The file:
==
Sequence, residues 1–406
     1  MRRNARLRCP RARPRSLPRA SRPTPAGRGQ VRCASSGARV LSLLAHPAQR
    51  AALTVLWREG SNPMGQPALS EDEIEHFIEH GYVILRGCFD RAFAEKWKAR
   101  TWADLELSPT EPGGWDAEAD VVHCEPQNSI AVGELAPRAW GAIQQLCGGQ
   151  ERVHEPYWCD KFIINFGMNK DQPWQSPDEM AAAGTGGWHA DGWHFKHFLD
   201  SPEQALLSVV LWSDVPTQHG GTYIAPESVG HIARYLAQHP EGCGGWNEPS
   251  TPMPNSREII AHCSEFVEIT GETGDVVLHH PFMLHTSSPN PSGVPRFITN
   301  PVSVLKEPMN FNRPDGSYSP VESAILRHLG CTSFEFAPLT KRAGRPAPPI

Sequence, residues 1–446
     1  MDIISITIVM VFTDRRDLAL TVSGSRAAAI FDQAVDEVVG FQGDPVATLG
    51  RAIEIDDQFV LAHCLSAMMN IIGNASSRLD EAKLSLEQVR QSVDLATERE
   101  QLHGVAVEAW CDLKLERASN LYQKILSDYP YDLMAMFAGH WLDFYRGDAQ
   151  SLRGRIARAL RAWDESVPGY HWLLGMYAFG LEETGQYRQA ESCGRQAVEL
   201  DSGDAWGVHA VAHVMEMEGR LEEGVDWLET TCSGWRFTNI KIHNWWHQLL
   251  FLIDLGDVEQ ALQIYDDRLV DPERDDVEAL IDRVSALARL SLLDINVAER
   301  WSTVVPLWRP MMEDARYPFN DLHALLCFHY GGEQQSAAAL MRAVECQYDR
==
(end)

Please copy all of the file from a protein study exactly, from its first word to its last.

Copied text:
Sequence, residues 1–406
     1  MRRNARLRCP RARPRSLPRA SRPTPAGRGQ VRCASSGARV LSLLAHPAQR
    51  AALTVLWREG SNPMGQPALS EDEIEHFIEH GYVILRGCFD RAFAEKWKAR
   101  TWADLELSPT EPGGWDAEAD VVHCEPQNSI AVGELAPRAW GAIQQLCGGQ
   151  ERVHEPYWCD KFIINFGMNK DQPWQSPDEM AAAGTGGWHA DGWHFKHFLD
   201  SPEQALLSVV LWSDVPTQHG GTYIAPESVG HIARYLAQHP EGCGGWNEPS
   251  TPMPNSREII AHCSEFVEIT GETGDVVLHH PFMLHTSSPN PSGVPRFITN
   301  PVSVLKEPMN FNRPDGSYSP VESAILRHLG CTSFEFAPLT KRAGRPAPPI

Sequence, residues 1–446
     1  MDIISITIVM VFTDRRDLAL TVSGSRAAAI FDQAVDEVVG FQGDPVATLG
    51  RAIEIDDQFV LAHCLSAMMN IIGNASSRLD EAKLSLEQVR QSVDLATERE
   101  QLHGVAVEAW CDLKLERASN LYQKILSDYP YDLMAMFAGH WLDFYRGDAQ
   151  SLRGRIARAL RAWDESVPGY HWLLGMYAFG LEETGQYRQA ESCGRQAVEL
   201  DSGDAWGVHA VAHVMEMEGR LEEGVDWLET TCSGWRFTNI KIHNWWHQLL
   251  FLIDLGDVEQ ALQIYDDRLV DPERDDVEAL IDRVSALARL SLLDINVAER
   301  WSTVVPLWRP MMEDARYPFN DLHALLCFHY GGEQQSAAAL MRAVECQYDR